I know it's irrational! That's the worst part of it! I was just thinking about it, and I'm thinking maybe I would feel better if I wrote the entries in longhand, typed them into the computer, and then destroyed the originals. That way I get the benefit of doing the original writing in longhand, and the safety of the electronic protection.

Gah, I'm just a bundle of irrationality, aren't I?

Gianna said...

no..don't beat yourself up...you need to feel safe...I think your idea of doing it in longhand and then typing it is an excellent idea!!

go for it...

and I am by no means putting you down when I say not all fear is rational...I meant it when I said there is often a grain of truth to our "irrational" fears...the most important thing is that you feel safe so that you can heal more completely!!

Jazz said...

Gianna--
I agree...figuring out how to do this work safely is the most important thing...because I think I really do need to do this work. This period of my life is something that I've really avoided thinking about and writing about except in the most general terms, because it is so difficult and painful to remember. I think I still feel a lot of guilt...guilt for putting myself in a situation that ended up causing me and my family a great deal of anxiety, guilt for going to a psychiatrist and letting him talk me into taking meds in the first place, guilt for taking the damn meds for so long when it was clear that they were doing more harm than good, guilt for buying into the whole meds-for-life thing...guilt for not being able to be an advocate for my son when he was having so much trouble in school...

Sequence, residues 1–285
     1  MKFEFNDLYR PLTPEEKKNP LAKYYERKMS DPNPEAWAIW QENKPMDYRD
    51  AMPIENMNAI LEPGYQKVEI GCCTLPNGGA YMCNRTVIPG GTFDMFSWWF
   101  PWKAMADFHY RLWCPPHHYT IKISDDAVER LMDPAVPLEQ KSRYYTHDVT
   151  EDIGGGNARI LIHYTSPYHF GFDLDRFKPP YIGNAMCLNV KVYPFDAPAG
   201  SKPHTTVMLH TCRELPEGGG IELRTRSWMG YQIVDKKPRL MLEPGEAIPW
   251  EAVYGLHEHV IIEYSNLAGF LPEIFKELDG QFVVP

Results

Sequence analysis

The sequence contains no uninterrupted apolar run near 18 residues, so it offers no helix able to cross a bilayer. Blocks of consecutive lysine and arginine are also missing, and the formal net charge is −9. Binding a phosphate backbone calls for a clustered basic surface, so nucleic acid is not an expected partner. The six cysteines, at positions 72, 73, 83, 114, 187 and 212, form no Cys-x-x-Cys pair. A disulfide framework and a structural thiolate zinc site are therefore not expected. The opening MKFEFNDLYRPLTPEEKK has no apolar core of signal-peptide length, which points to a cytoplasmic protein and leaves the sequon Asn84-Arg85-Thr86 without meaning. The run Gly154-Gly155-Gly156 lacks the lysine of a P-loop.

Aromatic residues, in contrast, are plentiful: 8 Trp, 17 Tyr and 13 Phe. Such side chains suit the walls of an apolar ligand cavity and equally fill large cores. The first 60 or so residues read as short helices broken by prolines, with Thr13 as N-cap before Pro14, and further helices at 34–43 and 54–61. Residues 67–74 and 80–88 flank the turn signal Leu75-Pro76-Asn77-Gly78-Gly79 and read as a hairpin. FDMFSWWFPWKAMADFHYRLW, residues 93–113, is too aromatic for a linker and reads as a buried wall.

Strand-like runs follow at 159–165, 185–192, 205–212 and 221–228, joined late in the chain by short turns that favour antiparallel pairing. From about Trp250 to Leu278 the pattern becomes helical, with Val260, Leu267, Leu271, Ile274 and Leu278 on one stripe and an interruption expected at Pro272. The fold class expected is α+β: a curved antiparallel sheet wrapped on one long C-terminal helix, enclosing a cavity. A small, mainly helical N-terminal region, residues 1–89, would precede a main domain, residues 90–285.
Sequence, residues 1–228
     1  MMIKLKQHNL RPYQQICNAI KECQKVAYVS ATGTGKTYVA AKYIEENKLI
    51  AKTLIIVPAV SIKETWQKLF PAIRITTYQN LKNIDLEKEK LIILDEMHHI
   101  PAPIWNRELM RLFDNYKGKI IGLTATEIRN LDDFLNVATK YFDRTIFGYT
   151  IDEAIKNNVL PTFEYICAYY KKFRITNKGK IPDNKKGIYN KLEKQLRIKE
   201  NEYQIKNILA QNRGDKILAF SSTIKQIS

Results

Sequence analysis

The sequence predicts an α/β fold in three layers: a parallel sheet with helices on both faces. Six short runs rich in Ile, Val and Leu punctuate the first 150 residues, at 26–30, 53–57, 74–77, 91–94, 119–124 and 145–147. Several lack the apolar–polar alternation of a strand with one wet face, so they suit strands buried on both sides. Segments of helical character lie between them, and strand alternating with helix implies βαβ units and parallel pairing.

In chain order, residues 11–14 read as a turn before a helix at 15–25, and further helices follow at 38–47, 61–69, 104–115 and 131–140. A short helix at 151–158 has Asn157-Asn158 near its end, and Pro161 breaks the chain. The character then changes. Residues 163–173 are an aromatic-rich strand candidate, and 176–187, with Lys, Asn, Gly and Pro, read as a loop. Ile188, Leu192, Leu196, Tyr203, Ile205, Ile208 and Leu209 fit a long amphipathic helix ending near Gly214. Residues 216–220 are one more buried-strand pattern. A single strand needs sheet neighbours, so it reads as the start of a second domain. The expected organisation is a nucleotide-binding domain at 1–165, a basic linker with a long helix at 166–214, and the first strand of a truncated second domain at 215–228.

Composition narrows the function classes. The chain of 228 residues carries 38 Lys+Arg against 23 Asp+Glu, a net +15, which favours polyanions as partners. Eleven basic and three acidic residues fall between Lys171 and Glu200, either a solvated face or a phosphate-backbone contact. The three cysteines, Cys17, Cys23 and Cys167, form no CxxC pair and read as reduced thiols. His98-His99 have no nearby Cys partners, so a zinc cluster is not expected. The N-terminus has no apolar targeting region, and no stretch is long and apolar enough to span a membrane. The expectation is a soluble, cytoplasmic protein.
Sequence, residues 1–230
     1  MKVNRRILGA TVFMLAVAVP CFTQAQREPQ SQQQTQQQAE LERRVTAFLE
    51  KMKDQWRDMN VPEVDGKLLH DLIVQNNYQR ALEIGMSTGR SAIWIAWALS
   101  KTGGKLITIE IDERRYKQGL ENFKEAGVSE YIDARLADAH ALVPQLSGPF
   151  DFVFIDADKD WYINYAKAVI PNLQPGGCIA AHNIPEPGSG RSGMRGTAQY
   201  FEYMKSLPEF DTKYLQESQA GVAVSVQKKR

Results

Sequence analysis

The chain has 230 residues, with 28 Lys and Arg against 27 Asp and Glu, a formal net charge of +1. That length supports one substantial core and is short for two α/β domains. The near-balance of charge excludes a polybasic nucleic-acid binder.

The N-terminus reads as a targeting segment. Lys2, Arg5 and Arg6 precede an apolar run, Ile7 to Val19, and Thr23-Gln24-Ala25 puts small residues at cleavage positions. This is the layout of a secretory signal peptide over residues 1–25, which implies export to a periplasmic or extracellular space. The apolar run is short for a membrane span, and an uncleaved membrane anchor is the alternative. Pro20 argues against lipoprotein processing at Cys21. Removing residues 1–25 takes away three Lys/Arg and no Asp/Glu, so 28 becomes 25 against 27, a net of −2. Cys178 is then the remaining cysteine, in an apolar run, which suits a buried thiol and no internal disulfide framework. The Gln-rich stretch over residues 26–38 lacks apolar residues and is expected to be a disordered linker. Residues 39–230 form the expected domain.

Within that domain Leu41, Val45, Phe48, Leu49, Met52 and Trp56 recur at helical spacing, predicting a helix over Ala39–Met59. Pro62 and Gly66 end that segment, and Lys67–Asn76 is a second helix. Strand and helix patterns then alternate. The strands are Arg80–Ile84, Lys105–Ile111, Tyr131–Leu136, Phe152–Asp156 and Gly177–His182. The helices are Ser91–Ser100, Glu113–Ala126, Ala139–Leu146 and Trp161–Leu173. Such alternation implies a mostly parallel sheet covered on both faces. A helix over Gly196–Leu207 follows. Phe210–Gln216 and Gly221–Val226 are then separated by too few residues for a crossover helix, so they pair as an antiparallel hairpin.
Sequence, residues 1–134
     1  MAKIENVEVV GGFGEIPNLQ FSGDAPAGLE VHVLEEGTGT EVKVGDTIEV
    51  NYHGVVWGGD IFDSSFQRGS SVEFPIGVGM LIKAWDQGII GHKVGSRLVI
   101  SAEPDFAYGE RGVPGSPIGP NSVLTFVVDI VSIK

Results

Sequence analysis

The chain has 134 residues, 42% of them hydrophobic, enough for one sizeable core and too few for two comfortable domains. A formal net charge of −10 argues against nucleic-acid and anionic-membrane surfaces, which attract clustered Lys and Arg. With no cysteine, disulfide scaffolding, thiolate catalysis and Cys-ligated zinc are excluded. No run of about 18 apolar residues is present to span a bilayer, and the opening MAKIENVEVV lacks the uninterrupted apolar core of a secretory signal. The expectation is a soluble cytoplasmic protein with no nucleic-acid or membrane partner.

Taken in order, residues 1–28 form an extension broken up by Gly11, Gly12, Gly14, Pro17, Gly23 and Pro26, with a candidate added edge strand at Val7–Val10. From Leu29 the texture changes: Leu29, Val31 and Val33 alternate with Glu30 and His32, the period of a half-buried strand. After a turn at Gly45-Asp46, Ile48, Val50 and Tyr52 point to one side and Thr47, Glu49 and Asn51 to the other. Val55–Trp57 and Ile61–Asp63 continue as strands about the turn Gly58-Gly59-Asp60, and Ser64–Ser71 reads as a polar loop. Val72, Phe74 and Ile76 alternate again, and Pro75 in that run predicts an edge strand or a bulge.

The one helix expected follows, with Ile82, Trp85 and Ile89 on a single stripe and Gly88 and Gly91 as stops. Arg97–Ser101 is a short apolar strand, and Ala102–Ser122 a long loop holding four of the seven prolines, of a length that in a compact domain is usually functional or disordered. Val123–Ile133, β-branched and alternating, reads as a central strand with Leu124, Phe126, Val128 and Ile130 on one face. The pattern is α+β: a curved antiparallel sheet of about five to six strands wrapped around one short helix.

Yeah, there's a lot of stuff I need to work through.

And there is certainly a grain of truth to "irrational" fears. Some of what I need to write would upset some people very much.

Bipolar Wellness Writer said...

Jazz,
I'm out and about and don't have time to write a thoughtful comment. But I want to applaud you on your hard work--despite your fears!

Whether a fear is rational or not, it's still real. And I believe that those of us who are willing to persevere despite our fears deserved the highest praise!

Susan

Jazz said...

Thanks, Susan!

Annie said...

Jazz, I am relating to what you said and my relationship with my mom. I was afraid my mother had the power to read my thoughts and know my "stuff" even if she didn't read something.Talk about irrational! But I think there is a connection with daughters and mothers that makes privacy very important. Maybe you could journal on privacy in general or mother/daughter relationship?
You are very brave to be doing this process and I wish you well in doing it. Peace Annie

Jazz said...

Annie--
I think that's a good idea...I've journaled on privacy before, but not on the specifics of my relationship with my mother, or of where that fear comes from. I don't believe she ever read my stuff, even when I was a teenager, because if she had, I suspect she would have been concerned enough to confront me on some of it. So I'm not sure where this fear is coming from...unless it's that old parental approval thing I thought I'd left behind me!